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Never mind homeschooling, parents are now 'unschooling' kids

Parents and kids sing praises of innovative ‘unschooling’ system

05 August 2018 - 00:02 By PREGA GOVENDER

Kaspar Reineke stopped going to school when he was in grade 2 because he found it "incredibly boring and unfulfilling".
Now 13, he is writing a book about world religions titled The Grand Pilgrimage.
Kaspar and his brother Luke, 8, are among South African children whose parents have opted for "unschooling" - an educational model in which children follow no curriculum and do not have to write tests or exams.
Instead, they focus on "self-directed" learning and choose what they want to study, from playing the violin to pottery, playing Minecraft or ice-skating.Zakiyya Ismail, an advocate of children's rights and freedom in education, estimated that 1,000 children in SA are unschooled.
Ismail's Facebook page, Unschoolers in SA, has 3,800 members and 48 mothers are part of the Johannesburg unschooling WhatsApp group.
Kaspar and Luke spend most days at the Re-imagined Learning Centre in Troyeville, Johannesburg, which is run by Ché-vanni Davids and has nearly 20 children.
The title of late Nigerian musician Fela Kuti's song Teacher Don't Teach Me Nonsenseis on one of the walls.
Kaspar said that after he left mainstream school he spent the next three years "having fun" and increasing his vocabulary by watching videos on the internet.
He does a bit of English and maths at the centre, adding: "For the most part, you choose what you want to do."
Kaspar's mother, Felicia Moonsamy, said they had to take him out of school because he was bullied and was bored.
"He actually started hating maths, not because he's not good at it but because of the repetition."
She said her sons were thoroughly enjoying unschooling, adding: "They even discuss the things they research, and exchange notes and talk about things. I will not let them do anything else but this."
The Troyeville centre is one of two facilities in SA catering for unschoolers. The other is Riverstone Village in Randburg. A representative said: "The community feels we are not looking for publicity."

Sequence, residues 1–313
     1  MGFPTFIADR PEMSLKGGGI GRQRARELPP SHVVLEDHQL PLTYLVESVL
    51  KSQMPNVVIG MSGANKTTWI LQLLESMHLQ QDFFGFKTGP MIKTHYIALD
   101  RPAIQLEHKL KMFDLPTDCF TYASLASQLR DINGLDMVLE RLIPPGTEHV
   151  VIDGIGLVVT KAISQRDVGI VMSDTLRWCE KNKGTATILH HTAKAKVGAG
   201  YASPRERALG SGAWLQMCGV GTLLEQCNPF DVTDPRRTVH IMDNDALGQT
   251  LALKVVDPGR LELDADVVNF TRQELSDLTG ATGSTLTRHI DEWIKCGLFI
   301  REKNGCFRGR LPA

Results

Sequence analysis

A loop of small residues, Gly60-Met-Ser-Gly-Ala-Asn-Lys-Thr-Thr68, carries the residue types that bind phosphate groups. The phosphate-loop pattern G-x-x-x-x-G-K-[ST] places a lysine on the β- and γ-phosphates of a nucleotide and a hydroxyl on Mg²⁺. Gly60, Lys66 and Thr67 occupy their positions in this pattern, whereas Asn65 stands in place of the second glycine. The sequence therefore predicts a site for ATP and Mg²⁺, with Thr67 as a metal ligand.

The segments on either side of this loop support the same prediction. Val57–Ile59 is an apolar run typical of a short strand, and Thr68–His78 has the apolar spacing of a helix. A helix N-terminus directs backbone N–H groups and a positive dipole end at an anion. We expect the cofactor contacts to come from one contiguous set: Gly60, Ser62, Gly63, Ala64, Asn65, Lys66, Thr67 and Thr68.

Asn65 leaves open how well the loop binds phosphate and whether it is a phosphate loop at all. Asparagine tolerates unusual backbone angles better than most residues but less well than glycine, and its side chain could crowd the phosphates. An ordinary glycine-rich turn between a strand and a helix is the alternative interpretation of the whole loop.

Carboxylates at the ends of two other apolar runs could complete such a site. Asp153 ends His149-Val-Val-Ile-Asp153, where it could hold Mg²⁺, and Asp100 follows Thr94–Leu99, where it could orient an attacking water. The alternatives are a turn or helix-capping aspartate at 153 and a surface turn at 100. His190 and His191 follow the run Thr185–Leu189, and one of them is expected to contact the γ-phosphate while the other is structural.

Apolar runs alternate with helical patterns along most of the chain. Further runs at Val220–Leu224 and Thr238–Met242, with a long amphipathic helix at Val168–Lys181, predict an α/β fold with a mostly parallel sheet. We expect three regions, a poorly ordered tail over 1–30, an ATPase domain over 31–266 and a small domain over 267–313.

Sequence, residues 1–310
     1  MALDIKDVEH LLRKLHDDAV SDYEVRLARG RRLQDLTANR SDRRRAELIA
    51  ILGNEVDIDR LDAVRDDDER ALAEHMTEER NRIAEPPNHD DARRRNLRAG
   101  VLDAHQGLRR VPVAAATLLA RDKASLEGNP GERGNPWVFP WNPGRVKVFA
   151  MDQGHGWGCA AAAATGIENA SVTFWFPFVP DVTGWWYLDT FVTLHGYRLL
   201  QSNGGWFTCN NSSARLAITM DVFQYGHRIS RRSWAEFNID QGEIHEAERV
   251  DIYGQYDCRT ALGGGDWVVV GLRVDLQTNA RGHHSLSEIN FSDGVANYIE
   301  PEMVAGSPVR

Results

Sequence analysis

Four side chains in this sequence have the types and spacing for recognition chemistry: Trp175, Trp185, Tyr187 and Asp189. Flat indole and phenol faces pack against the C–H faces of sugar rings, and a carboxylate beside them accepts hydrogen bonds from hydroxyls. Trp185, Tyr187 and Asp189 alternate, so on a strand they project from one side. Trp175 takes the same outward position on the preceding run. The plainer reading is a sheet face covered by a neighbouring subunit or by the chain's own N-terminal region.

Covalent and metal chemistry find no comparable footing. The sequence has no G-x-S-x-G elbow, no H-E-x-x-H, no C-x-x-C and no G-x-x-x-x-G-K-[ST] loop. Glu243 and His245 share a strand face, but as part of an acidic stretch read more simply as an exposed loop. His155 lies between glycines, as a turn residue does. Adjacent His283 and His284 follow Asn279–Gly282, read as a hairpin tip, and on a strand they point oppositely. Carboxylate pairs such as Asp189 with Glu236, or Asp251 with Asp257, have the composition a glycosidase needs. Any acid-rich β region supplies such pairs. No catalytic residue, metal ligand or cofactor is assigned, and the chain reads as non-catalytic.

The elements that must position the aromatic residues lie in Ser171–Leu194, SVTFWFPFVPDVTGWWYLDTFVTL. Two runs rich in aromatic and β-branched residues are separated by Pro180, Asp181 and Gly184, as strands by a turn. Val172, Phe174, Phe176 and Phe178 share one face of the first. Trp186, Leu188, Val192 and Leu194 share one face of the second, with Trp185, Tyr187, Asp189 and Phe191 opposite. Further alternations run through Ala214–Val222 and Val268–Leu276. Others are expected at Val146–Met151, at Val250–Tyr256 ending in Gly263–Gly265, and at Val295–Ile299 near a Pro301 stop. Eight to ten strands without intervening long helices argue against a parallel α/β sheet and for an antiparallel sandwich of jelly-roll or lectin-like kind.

Johannesburg filmmaker Langa Klaaste - son of the late newspaper editor Aggrey Klaaste - and his wife, Lindiwe, moved their two children, Zola, 7, and Zoleka, 6, from their conventional school last year after they "stopped expressing themselves well"."They started complaining about how they were not being heard at school. I don't want my kids to know any boundaries. I want them to go beyond what they can imagine. They must fantasise and live out their dreams," Langa said.
The children are now being unschooled.In SA, schooling is compulsory for all children aged seven to 15, and parents who do not send their children to school can be fined or jailed for up to six months.
Basic education department spokesperson Troy Martens said she could not comment on unschooling because she was not aware of the concept.
"Taking a learner out of school is illegal if you are not going to provide them with adequate alternative education."
However, Martens said the department was not aware of any parent being prosecuted for not sending their child to school. "It is every parent's responsibility to ensure their children have access to basic education."Ismail said parents who opt for unschooling were not breaking the law because their children were still getting an education.
Ismail, who has unschooled her three children, said unschooling allowed children to learn the things that interested them.
"It's free from the coercion and compulsion of standardised schooling."
Her daughter Makayla, 11, who has never seen the inside of a classroom, said she had learnt to read by playing games and role-playing.Ismail said: "If you're thinking about unschooling, I highly recommend it. Children are able to learn more naturally and happily on their own than in a classroom where they're forced to be."
A conference on unschooling, organised by Ismail, will take place at the African Leadership Academy in Johannesburg on October 20 and 21.
Children who are unschooled can write the internationally recognised general equivalency diploma - the equivalent of a matric certificate - if they want to attend university.
South African universities generally insist that unschooled students provide proof of having been accepted at an overseas university before they are admitted locally.
One of these students, Tarsha Leigh Jenneker, 24, graduated with a BCom law degree from Wits University last year.
She left school in grade 3 after she and her family became disillusioned with the schooling system.
Jenneker's sister, Jenayne, 28, who was unschooled from the end of grade 9, is the co-owner of a catering company in Johannesburg.
But unschooling is not for everyone. Mia von Scha's two children returned to formal schooling after five years because they missed their friends and "needed more mental stimulation".
She said: "The general philosophy is amazing.
"However, in practice it requires a lot of involvement from the parents, which is not always doable."..

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